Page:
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Old Thursday 11th April 2019, 13:56   #7
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A vast majority of people don't 'need' a camera - nor do they invest in any deep knowledge and pursuit of photography. A camera was a means to an end - want a snapshot of the fam just to remember or share where you were - the digital version of a photo album today is to put photos online to share. When there were only cameras as options, in film days, the vast majority of people bought pocket cameras and instamatics, while only the enthusiasts and photographers who really enjoyed the hobby or shot as a profession bought SLRs, TLRs, and higher-end rangefinders and such. Sure - a few people who really didn't need them bought an SLR because they thought it would get them better photos, but for the most part, it was for photographers, and pocket-cams were for the masses.

When the digital age dawned, and really started to push out film, in the late nineties/early 2000's, there weren't large sensor options with interchangeable lenses - so nearly everyone was buying a digital to replace the instamatic. But those early days of lower resolution and mediocre optics had big limitations that digital SLRs, and later mirrorless cameras, addressed. Need better low light shots? Need better shots of the baby? Want to shoot your kid playing little league? Buy a big sensor interchangeable lens camera!

What this caused was a bubble in that market, where far more people than really needed these cameras, and a vast majority with very little skill in photography, were buying these types of cameras that in the film days were the domain of the photographer enthusiast or professional...and skewed the sales charts in a way that may have fooled more than a few manufacturers into thinking DSLRs and mirrorless cameras could maintain that volume and everyone was going to start considering such cameras as necessities like a car or phone - that everyone MUST have. That meant far too many entry level bodies, price wars for cheap models, and an expectation that a new model should debut every year, or that manufacturer would 'fall behind'.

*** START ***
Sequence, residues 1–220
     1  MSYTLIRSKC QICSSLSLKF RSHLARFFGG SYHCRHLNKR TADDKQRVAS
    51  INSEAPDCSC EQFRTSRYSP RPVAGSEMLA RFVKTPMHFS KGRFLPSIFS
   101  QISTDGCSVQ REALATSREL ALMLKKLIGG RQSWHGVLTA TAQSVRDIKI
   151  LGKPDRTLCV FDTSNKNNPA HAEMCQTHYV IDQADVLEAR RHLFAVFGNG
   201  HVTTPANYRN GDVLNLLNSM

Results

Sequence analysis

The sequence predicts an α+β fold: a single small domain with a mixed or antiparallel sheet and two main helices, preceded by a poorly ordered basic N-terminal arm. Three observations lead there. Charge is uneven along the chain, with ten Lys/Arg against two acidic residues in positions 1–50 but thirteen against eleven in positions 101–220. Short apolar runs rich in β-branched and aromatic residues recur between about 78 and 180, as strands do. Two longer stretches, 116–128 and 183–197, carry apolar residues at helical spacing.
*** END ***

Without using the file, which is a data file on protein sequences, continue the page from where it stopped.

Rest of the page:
What cellphone cameras did, when they improved to the level they have now, is address the elephant in the room - most people didn't need the big sensors and interchangeable lens cameras. If processing and trickery could produce a passable, shareable photo online in low light, or action scenes that the average family and snapshooter wanted, nearly all of them would happily give up the big brick and lens combo for a slim little thing already sitting in their pocket. Digital zoom was fine for them. Stacking images to make up for low light shortcomings of small sensors was fine - tiny blemishes in the stacking or image falling apart when you pixel-peep up close didn't matter to them.

What I see this meaning for the camera industry is that it will finally go back to being what it always should have been. P&S tiny-sensor cheap cameras with little controls and mostly automation will likely die away completely, phones having taken over that segment for the masses. More advanced, larger sensor fixed-lens bodies, and more advanced models of DSLR and mirrorless interchangeable lens systems will likely be the ones that stand, while more entry-level bodies start to fall away. Manufacturers won't feel the need to bring out new models every year. Prices will go up, and controls and features get more advanced, so these cameras will be purchased by the photo enthusiasts, serious hobbyists, and professionals who will understand how to get the most from these cameras and lenses. The volume of sales will go down to frankly where it always should have been, but the profit margin per body should go up. A few manufacturers may thin out, but the strongest 4 or 5 should be able to make a profit. Just as in the film days with SLRs.